Friday, February 28, 2014

Immersion blenders and scrambled eggs

In another post I wrote about making homemade mayonnaise, I talked about my immersion blender and how I use it every day.  Here is a picture of it:

Just kidding.  That picture was taken in the galley of a cruise ship, and it’s used by the chef to cook for hundreds of passengers.  He looks like this:    

Kidding again.  He didn't wear a goofy chef hat, and the kitchen wasn't really on fire either.  But that massive blender really was hanging on the wall like that.  It gave me profound blender envy.

So.....   my own blender is actually a Breville, and it looks like this:

And as I said, I use it every day.   For homemade mayo and salad dressings.  To puree soups.  I even make a healthy version of gravy by pureeing the pan juices from a roast with soft cooked onions to thicken (and flavor) without flour or added fat.

Most often I use it to make scrambled eggs.  I know what you’re thinking… big deal, Granny, who doesn’t know how to make scrambled eggs?   True.  True.  But let me show you how to make GOOD scrambled eggs.

First you need to know how to scramble them.  I put the raw eggs in a bowl with just a little bit of water, maybe ½ a teaspoon per egg.  And I use the immersion blender to mix them til they're just a little frothy.

Then you need to know how to prepare the pan.  Heat your pan on a medium-low setting. (I don’t know an exact temperature; the burner settings on my stove go from Low to 10.  I use 4.)  
Then toss a couple of pats of good butter into the pan to melt.  Salted or unsalted doesn’t matter, but quality does.  Use fresh, real butter.  If you use margarine or cooking spray, you are on your own.  In that case, I don’t know WHAT you are putting in your eggs.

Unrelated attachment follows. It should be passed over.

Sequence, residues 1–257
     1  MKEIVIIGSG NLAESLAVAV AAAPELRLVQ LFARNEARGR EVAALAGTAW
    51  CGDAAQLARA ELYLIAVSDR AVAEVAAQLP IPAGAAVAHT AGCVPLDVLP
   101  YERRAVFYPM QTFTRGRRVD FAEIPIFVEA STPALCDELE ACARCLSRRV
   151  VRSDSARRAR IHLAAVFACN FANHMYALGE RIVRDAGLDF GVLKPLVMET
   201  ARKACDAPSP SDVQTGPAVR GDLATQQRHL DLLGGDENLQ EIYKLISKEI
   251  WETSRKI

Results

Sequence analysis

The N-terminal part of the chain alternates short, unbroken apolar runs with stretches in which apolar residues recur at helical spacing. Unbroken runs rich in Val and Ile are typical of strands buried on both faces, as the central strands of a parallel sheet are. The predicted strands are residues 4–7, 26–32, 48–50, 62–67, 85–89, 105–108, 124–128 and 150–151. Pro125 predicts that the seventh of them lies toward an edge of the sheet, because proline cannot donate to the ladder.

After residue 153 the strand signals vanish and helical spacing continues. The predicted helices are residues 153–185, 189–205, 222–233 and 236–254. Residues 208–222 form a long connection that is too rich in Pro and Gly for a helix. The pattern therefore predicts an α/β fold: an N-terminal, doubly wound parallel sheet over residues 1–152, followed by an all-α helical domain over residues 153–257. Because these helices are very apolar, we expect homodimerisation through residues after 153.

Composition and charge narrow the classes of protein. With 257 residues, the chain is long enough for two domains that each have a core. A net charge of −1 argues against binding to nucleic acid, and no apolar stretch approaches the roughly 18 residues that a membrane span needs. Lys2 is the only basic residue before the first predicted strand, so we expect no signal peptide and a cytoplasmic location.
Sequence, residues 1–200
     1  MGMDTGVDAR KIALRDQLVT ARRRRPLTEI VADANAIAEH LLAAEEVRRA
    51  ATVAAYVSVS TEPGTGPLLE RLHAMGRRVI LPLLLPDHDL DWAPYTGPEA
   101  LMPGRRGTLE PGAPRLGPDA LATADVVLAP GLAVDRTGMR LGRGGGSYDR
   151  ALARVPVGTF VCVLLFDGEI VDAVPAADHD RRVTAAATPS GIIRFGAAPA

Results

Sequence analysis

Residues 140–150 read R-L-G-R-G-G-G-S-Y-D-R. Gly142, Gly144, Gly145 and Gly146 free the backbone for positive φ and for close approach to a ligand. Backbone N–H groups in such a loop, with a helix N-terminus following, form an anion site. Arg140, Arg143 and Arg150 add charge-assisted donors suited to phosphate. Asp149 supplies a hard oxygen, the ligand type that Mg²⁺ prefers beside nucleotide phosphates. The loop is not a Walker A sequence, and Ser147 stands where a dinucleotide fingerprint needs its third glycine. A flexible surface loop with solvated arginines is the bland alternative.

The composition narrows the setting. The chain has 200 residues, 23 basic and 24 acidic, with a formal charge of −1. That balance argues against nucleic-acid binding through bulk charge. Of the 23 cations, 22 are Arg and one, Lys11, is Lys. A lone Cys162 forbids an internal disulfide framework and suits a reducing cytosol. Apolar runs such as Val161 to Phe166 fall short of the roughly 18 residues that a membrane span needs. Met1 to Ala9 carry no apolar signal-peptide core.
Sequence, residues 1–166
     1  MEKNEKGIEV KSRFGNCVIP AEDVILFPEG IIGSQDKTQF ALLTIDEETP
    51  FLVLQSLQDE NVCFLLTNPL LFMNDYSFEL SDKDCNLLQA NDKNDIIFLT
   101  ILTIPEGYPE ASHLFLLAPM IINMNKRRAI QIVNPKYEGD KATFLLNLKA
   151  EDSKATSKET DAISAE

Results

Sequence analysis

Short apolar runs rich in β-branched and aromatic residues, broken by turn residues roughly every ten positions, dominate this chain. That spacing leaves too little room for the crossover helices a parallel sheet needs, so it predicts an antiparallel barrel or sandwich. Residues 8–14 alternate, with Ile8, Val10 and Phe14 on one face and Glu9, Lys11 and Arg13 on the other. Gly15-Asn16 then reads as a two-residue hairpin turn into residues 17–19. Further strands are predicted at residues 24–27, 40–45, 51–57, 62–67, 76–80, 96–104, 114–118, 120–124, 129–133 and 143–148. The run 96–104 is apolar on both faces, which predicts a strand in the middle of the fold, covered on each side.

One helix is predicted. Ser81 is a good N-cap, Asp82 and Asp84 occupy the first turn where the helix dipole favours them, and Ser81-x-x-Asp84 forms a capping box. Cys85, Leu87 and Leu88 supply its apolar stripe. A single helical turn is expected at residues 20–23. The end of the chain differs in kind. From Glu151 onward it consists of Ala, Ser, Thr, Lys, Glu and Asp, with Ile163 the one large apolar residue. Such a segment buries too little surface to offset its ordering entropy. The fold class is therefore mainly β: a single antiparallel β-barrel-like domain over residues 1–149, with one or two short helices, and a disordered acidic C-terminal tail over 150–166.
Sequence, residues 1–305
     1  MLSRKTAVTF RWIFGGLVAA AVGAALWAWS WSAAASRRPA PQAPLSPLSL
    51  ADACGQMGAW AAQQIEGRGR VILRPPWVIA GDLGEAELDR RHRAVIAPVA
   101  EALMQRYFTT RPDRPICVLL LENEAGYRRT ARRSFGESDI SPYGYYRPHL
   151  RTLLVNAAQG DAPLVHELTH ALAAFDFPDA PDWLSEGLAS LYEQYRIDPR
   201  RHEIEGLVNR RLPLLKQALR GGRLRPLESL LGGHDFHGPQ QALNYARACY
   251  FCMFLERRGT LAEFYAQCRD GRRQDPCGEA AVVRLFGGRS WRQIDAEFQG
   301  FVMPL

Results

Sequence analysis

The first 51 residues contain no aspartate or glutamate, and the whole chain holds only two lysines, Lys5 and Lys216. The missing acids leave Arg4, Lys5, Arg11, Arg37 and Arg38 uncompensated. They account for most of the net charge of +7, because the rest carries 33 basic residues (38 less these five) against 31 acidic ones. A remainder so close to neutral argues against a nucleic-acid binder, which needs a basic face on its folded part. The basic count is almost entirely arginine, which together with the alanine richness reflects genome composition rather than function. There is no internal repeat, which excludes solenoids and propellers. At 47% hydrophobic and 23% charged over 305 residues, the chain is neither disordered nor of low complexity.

Then you need to know how to cook them.  First sprinkle some salt over the melted butter, and then pour in your eggs.  If you like pepper, now would be the time to crack some in.  Or even a pinch of dill weed or a bit of chive if that’s how you like it.

Now let the eggs set a bit and stir them up from time to time.  You don’t want to let them sit and get browned.  You also don’t want to harass them.  It’s a balance thing.

Finally, you need to know when to quit.  You know that, in order to cook meat correctly, you have to remove it from the heat before it reaches the final desired temperature, because it continues cooking for several minutes.  Just like a burn will keep “cooking” under your skin if you don’t immediately cool it with cold water.  (You did know that, right?)

Eggs are the same way.  You need to take them off of the heat just before they are done.  You want them to be creamy, but not sloppy.  You want them to be cooked, but definitely not dry. 

If you don’t believe me, just try it my way.  I think you will be surprised how good simple, well-prepared scrambled eggs can be.


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